On 4 August 2011, a London police officer shot alleged drug dealer and gang member Mark Duggan during an attempt to arrest him. The incident, which took place in Tottenham, north London, led to rising tensions between London police forces and the black community in Tottenham, and the circumstances of Duggan's death remain suspicious up to today (Press Association 2011a). Following the fatal shooting, friends and relatives of Duggan organized a protest in order to assert a perceived unmet need for justice for the family. The protest was held on 6 August, with around 120 people marching from Broadwater Farm to Tottenham police station (Press Association 2011b). The protesters demanded that a senior local police officer come out and speak to them. However, as they were not satisfied with the seniority of the officers available at the time, they stayed in front of the police station for several hours. Around dusk, a younger and more aggressive crowd arrived at the scene, some of whom were carrying weapons. From around 22:30 p.m. on, attacks were carried out on local businesses, homes and transportation as well as police officers who tried to break up the violent mob, marking the beginning of the 2011 England Riots (Lewis 2011).

On the evening of 7 August, violence erupted again in Tottenham, as well as in neigh­boring boroughs. Despite the presence of riot police forces, the violence went on for several hours, resulting in the looting of several stores, the damaging of numerous facilities and the wounding of a number of people. On the next day, the violence not only continued but ex­panded, as the rioters became greater in number and increasingly organized by connecting through social media such as Facebook and technological devices like the BlackBerry Mes­senger. Moreover, news and rumors about the previous evenings' disturbances in London sparked riots in other English cities and towns, including Bredfordshire, Bristol, Leeds, Liv­erpool, Nottingham and Oxford. Following a greatly increased police presence (at this point, 16,000 police officers were deployed in the capital to prevent further violence), London re­mained largely quiet on 9 August, with only a few riots occurring (No author 2011b). Howev­er, copycat actions continued in other parts of England, among them Leicester, Manchester and Wolverhampton. On 10 August, British authorities were finally able to restore public or­der, with hundreds of arrests carried out by the police (No author 2011c).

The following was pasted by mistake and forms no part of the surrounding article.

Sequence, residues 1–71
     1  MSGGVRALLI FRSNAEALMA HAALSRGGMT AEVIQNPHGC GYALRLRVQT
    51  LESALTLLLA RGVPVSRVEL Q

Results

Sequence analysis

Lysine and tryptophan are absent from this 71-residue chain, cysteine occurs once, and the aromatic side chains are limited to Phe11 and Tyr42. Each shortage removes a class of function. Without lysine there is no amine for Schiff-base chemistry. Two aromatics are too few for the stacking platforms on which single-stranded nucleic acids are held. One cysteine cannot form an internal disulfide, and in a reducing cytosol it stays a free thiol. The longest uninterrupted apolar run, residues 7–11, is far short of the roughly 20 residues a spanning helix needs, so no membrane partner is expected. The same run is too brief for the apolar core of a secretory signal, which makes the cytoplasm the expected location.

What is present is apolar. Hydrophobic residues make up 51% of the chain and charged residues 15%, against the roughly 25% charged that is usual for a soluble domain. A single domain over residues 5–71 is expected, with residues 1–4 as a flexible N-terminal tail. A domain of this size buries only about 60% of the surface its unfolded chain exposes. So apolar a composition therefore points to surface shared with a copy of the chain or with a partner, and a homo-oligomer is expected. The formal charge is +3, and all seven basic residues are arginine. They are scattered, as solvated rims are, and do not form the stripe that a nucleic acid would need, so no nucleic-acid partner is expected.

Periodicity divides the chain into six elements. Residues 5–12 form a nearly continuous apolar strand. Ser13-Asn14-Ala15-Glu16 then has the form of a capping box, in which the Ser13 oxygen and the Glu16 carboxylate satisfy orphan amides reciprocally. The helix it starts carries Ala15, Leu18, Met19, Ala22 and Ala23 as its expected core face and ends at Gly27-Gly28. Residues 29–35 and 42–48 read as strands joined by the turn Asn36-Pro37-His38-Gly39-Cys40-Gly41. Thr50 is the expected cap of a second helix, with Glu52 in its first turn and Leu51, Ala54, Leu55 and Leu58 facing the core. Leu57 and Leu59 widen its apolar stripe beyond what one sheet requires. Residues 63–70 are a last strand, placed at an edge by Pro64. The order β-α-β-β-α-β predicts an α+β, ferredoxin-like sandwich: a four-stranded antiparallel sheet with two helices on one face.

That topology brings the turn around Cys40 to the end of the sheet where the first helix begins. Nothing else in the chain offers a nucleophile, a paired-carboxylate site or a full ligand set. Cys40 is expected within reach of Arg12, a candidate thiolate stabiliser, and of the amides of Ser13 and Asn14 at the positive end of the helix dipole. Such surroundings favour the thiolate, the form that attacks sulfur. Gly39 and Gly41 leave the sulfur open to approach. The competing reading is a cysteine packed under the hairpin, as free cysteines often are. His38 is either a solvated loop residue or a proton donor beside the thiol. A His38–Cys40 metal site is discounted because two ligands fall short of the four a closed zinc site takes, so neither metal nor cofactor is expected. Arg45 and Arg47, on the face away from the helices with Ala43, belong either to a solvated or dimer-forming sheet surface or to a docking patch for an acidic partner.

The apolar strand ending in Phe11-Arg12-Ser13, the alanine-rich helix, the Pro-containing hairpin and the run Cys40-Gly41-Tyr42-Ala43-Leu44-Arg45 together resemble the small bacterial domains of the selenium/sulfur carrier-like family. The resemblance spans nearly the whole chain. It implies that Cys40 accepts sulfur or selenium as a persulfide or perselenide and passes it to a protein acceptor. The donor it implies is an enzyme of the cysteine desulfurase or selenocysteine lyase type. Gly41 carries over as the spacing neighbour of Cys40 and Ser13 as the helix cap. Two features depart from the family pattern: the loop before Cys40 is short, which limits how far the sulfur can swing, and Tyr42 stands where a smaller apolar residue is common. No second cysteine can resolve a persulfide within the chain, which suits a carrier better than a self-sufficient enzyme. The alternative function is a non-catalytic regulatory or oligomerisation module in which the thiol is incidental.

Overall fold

The riots were characterized by rampant looting and arson attacks of unprecedented levels. Scotland Yard has recorded more than 3,000 crimes linked to the disorder, including the killing of five people and the battery of 186 police officers. In addition, the material losses were enormous: property damage was estimated at $160 million, and local economic activity was significantly stifled (No author 2011d; Smith-Park 2011). As of today, more than 3,000 people had been arrested for participating in the riots, and almost 2,000 of them had been charged. Because of the huge human and material damage, observers called the 2011 England Riots the worst ones Britain has faced in decades (Press Association 2011c). In the aftermath of the disturbances, police action was blamed for the initial riot, and the subsequent police reaction was criticized as being neither appropriate nor sufficiently effective. Moreover, the riots have generated significant ongoing debate among political, social and academic figures about the causes and context in which they happened. Among the suggested contributory fac­tors are social deprivation (Batmanghelidjh 2011), family breakdown (Odone 2011), as well as gang culture and criminal opportunism (No author 2011e; No author 2011f).

Literature Review: The Causes of Rioting

However serious the 2011 England Riots were, they were not a novel phenomenon. Whenever there has been authority, there have been people challenging it, and cities like Lon­don have a rich history of civil insurgence (Hernon 2006; Bloom 2003; Wood 2002). This is why for decades, social scientists and public authorities alike have tried to find the causes for rioting. In this intellectual quest for a systematic understanding of the etiology of political and collective violence, relative deprivation theory has emerged as the dominant explanatory de­vice (Miller, Bolce & Halligan 1977: 964). Building on the works of classics like Karl Marx and Émile Durkheim, contemporary scholars like Robert K. Merton and, most prominently, Ted Robert Gurr have cited “relative deprivation” as the single most important cause of social movements, deviant behavior, and collective violence (Davies 1972; Gurr 1968a; Gurr 1968b; Gurr 1970; Gurr 1972a; Gurr 1972b; Gurr 1976; Haag 1972; Merton 1938; Rose 1982).

“Relative deprivation” can be defined as actors' perception of discrepancy between the goods and conditions of life to which people believe they are rightfully entitled and the goods and conditions they think they are capable of getting and keeping (Gurr 1970: 24). Or, in short: it refers to the discontent people feel when their legitimate expectations are not met by present actualities. Relative deprivation theory states that if an area is made up of a socioeco­nomic structure that fosters a feeling of relative deprivation among a critical mass of people, the chances are rather high that this area will face increased numbers of deviant behavior and collective violence. Thus, as it stresses the importance of social structure, relative deprivation theory belongs to the family of structural theories (Galtung 1972; Grimshaw 1972; Merton 1938; Merton 1963; Short 1972).